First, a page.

The steroid medications are usually mixed with a local anesthetic (numbing medicine) such as lignocaine or bupivacaine. The local anesthetic helps to achieve immediate pain relief as it acts to numb the pain signals through the nerves. The steroids may take up to two weeks to start their anti-inflammatory action.
Routes of Epidural Injection
The Injection may be delivered to the epidural space via different routes. Caudal epidural injections utilize an area known as sacral hiatus just above the tailbone. Although easier to perform, the technique involves injecting a large amount of medication and is less efficacious.
The epidural injection is usually administered through the transforaminal or the interlaminar route. The transforaminal route targets the area of the vertebral column where the nerve roots exit the spine. The area is usually the site of compression of the nerve roots, and delivery of steroid medication at this site results in relief of symptoms. The injection is given from the side of the spine.
The interlaminar route utilized the space between the lamina of the two vertebrae. The injection is usually administered from the back of the spine to reach the epidural space.
The epidural injections may be performed in a doctor’s office, surgical center, or hospital. The procedure is performed as an outpatient procedure, and the patients are free to go home the same day of the procedure. A fluoroscope or C-ARM machine is used to guide the injection in the epidural space.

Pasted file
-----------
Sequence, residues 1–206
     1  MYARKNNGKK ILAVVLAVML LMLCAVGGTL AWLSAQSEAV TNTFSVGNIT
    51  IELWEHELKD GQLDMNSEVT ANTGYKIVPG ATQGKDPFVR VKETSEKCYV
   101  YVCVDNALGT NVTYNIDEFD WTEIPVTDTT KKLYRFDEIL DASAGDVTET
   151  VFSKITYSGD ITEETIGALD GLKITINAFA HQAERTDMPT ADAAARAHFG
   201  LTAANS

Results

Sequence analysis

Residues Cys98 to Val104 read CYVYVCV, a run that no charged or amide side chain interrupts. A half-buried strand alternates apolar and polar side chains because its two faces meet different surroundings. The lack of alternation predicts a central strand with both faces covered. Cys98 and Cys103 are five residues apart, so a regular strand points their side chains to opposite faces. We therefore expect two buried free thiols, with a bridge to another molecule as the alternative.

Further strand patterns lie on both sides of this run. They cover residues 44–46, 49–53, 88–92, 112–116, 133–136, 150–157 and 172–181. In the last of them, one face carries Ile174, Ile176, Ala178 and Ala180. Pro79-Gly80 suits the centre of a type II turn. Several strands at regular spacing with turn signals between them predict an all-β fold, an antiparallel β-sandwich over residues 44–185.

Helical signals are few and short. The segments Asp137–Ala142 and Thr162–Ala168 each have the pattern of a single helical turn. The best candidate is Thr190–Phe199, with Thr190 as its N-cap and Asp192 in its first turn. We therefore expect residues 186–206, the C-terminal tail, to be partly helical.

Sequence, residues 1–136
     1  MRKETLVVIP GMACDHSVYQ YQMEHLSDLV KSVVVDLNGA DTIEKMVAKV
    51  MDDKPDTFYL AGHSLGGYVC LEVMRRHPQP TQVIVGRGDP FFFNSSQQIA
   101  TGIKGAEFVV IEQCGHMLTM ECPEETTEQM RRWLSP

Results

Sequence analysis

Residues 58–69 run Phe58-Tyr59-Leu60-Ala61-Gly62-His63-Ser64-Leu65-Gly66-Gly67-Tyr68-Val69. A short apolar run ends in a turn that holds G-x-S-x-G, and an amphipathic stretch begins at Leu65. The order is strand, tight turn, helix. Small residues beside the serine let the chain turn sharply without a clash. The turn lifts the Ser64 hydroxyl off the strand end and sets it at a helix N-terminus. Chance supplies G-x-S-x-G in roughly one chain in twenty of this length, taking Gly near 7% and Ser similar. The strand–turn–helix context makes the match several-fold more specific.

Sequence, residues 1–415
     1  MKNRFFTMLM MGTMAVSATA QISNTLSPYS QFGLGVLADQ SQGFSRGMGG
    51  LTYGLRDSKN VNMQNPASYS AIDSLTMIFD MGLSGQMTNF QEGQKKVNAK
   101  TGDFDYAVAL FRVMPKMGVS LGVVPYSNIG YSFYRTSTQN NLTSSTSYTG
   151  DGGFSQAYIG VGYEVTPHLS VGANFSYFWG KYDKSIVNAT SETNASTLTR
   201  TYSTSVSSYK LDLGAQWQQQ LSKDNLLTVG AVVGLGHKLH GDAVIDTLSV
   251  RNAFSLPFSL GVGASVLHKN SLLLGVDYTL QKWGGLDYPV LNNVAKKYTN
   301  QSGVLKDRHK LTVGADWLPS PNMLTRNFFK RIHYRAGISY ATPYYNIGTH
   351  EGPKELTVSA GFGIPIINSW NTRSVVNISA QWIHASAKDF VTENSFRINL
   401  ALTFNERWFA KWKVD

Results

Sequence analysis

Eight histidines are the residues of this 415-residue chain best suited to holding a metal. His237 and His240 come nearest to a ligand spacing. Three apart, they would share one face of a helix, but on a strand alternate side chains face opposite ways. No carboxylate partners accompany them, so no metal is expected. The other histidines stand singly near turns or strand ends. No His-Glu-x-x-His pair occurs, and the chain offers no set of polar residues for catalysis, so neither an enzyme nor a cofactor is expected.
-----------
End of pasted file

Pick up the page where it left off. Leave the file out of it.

The surgeon prepares the injection site to prevent infection and introduces some local anesthetic to numb the skin. A small amount of dye is then introduced to the targeted area. The dye’s spread is visualized under the fluoroscope, and the surgeon determines if the injection is at the correct site.
The corticosteroid, usually mixed with a numbing medication, is administered under live fluoroscopy guidance. The injection site is cleaned, and the patient is monitored for stable vitals, mostly half an hour. The patients can then go home and be instructed to avoid strenuous activities and hot baths or swimming to prevent infection.
Some pain at the injection site is common, and the patients are advised to apply ice at the site. The ice should be used in an ice bag and for no more than 15 mins at a stretch to prevent cold injury.
The epidural injections may lead to relief of symptoms of sciatica for a few weeks to months. The amount of relief may vary in different patients. The epidural injections may be repeated in patients who experience significant relief from symptoms for at least one month.
Active infection or tumor in the body is a contraindication for a steroid injection. Similarly, a patient with bleeding disorders may not be able to receive an epidural injection. The injection may not be administered in patients with uncontrolled blood sugar levels or medical conditions such as osteoporosis or heart diseases.
There may be complications of a decrease in blood pressure, dizziness, the rise of blood sugar, bleeding, damage to the dural sac/spinal nerves during the procedure. There may be complications of infection, epidural abscess, epidural hematoma, paralysis, etc., after the injection. However, the complication rate is meager, and a vast majority of the patients experience significant relief of symptoms.